Logic, Language, and the Structure of Scientific Theories (Pittsburgh-Konstanz series in the philosophy & history of science) 0822937409, 9780822937401

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Logic, Language, and the Structure of Scientific Theories (Pittsburgh-Konstanz series in the philosophy & history of science)
 0822937409, 9780822937401

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Logic, Language, and the Structure of Scientific Theories Proceedings of the Camap-Reichenbach Centennial, University of Konstanz, 21-24 May 1991

ED IT E D

BY

Wesley Salmon and Gereon Wolters

Bogazici University Library

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University of Pittsburgh Press/Universitatsveriag Konstanz

Published in the U.S.A. by the University of Pittsburgh Press, Pittsburgh, Pa. 15260 Published in Germany by Universitatsverlag Konstanz GMBH

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Copyright © 1994, University of Pittsburgh Press All rights reserved

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To Rudolf Carnap, Carl G. Hempel, and Hans Reichenbach

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Three great philosophers who together form the nucleus of twentieth-century scientific philosophy proceedings of the Carnap-Reichenbach centennial, University of Konstanz, 21-24 May 19911 edited by Wesley Salmon and Gereon Wolters. p. cm. - (Pittsburgh-Konstanz series in the philosophy and history of science) Includes bibliographical references. ISBN 0-8229-3740-9 1. Science-Philosophy-Congresses. 2. Science-HistoryCongresses. 3. Carnap, Rudolf, 1891-1970-Philosophy-Congresses. 4. Reichenbach, Hans, 1891-1953-Philosophy-Congresses. I. Salmon, Wesley C. II. Wolters, Gereon. III. Series. Q174.L64 501-dc20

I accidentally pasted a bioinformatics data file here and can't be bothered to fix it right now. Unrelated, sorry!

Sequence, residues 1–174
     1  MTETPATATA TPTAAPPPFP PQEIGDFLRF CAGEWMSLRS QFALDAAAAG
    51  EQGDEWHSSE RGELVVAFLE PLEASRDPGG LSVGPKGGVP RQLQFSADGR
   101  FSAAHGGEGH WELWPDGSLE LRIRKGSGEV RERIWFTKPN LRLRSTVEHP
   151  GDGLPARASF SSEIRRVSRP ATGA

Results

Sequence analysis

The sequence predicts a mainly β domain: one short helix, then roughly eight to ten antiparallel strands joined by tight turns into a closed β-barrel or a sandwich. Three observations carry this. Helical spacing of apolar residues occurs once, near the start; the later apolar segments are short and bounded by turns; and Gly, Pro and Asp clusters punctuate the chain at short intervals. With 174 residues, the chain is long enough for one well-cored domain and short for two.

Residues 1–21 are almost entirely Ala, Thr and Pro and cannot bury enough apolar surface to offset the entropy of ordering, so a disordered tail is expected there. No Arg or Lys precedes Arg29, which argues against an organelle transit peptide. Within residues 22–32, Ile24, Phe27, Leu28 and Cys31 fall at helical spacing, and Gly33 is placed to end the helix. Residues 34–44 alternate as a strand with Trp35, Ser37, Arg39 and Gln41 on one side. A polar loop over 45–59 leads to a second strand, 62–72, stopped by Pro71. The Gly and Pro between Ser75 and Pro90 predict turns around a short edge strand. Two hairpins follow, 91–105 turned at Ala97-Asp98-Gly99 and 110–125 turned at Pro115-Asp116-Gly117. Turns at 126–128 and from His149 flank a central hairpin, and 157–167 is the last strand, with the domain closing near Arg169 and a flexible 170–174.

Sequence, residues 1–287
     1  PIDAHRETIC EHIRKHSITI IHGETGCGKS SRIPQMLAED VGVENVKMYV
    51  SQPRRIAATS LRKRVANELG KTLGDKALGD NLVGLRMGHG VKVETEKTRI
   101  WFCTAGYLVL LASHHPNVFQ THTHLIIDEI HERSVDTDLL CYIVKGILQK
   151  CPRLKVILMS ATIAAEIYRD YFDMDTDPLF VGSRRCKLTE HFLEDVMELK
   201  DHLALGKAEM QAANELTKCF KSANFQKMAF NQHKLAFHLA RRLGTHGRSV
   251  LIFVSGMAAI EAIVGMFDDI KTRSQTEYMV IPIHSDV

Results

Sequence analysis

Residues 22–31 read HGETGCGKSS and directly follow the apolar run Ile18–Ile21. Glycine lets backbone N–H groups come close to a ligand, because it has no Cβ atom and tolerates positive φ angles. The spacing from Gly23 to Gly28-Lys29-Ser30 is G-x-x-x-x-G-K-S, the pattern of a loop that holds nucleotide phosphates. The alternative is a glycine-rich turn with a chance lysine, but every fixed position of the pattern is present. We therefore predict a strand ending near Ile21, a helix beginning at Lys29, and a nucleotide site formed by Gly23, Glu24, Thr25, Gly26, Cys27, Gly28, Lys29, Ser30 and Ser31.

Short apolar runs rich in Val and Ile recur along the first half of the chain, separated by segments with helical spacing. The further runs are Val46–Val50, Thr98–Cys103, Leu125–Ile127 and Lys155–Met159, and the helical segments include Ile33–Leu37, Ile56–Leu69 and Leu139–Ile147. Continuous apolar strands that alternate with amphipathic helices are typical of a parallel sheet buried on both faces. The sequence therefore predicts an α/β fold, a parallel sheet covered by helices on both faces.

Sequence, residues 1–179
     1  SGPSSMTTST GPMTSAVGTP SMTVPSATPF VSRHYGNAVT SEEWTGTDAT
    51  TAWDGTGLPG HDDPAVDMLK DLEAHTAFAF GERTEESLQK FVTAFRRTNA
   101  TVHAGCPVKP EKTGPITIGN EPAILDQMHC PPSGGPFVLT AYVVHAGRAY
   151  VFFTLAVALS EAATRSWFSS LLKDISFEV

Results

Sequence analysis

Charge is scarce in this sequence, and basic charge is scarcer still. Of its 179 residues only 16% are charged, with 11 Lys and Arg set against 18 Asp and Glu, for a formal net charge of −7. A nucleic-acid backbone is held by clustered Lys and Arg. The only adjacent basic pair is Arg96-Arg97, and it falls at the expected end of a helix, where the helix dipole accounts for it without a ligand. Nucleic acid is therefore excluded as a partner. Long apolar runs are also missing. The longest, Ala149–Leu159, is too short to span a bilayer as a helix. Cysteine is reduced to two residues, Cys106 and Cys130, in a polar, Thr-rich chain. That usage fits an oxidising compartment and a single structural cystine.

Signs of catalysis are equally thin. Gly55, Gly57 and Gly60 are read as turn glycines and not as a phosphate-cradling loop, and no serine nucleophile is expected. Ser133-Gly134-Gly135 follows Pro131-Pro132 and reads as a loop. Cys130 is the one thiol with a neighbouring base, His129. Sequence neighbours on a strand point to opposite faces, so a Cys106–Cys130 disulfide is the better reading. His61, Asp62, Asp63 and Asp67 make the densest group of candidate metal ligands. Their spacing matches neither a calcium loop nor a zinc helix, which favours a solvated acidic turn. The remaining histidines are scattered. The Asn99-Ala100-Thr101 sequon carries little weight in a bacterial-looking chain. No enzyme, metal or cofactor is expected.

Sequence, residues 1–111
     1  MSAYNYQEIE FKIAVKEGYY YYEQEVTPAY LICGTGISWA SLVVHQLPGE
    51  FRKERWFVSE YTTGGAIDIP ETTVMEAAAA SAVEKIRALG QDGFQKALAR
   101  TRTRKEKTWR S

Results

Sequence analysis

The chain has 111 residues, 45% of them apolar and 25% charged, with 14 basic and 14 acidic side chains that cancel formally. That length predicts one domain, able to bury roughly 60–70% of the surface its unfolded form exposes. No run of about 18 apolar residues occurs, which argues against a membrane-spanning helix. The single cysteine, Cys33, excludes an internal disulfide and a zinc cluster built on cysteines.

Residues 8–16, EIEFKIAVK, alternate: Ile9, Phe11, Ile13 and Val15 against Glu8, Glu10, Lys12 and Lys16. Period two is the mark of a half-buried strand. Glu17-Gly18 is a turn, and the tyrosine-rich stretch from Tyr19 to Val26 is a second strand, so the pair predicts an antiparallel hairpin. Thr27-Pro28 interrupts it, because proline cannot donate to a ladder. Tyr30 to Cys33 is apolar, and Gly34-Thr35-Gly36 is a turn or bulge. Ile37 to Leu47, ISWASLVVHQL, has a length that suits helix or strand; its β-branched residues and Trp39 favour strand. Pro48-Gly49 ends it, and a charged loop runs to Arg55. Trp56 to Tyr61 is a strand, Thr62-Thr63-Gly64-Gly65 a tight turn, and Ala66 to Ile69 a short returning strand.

1993 93-47985 CIP

A CIP record for this book is available from the British Library. Die Deutsche Bibliothek - CIP-Einheitsaufnahme Logic, language, and the structure of scientific theories: proceedings of the Carnap-Reichenbach Centennial, University of Konstanz, 21-24 may 1991 1 ed by Wesley Salmon and Gereon Wolters. - Konstanz : Univ.-Verl. Konstanz ; Pittsburgh, Pa. : Univ. of Pittsburgh Press, 1994 (Pittsburgh-Konstanz series in the philosophy and history of science; 2) ISBN ,.3-117940-4 77-\ NE: Salmon, Wl'sll'y C. IHrsg.l; Canup Rl'il-hl'nhach Cl'ntl'nnial 0, is found within time t, then at is acceptable over a2 iff u(T) > (1-p)u(T) + p(u(T) + b) - I(t) or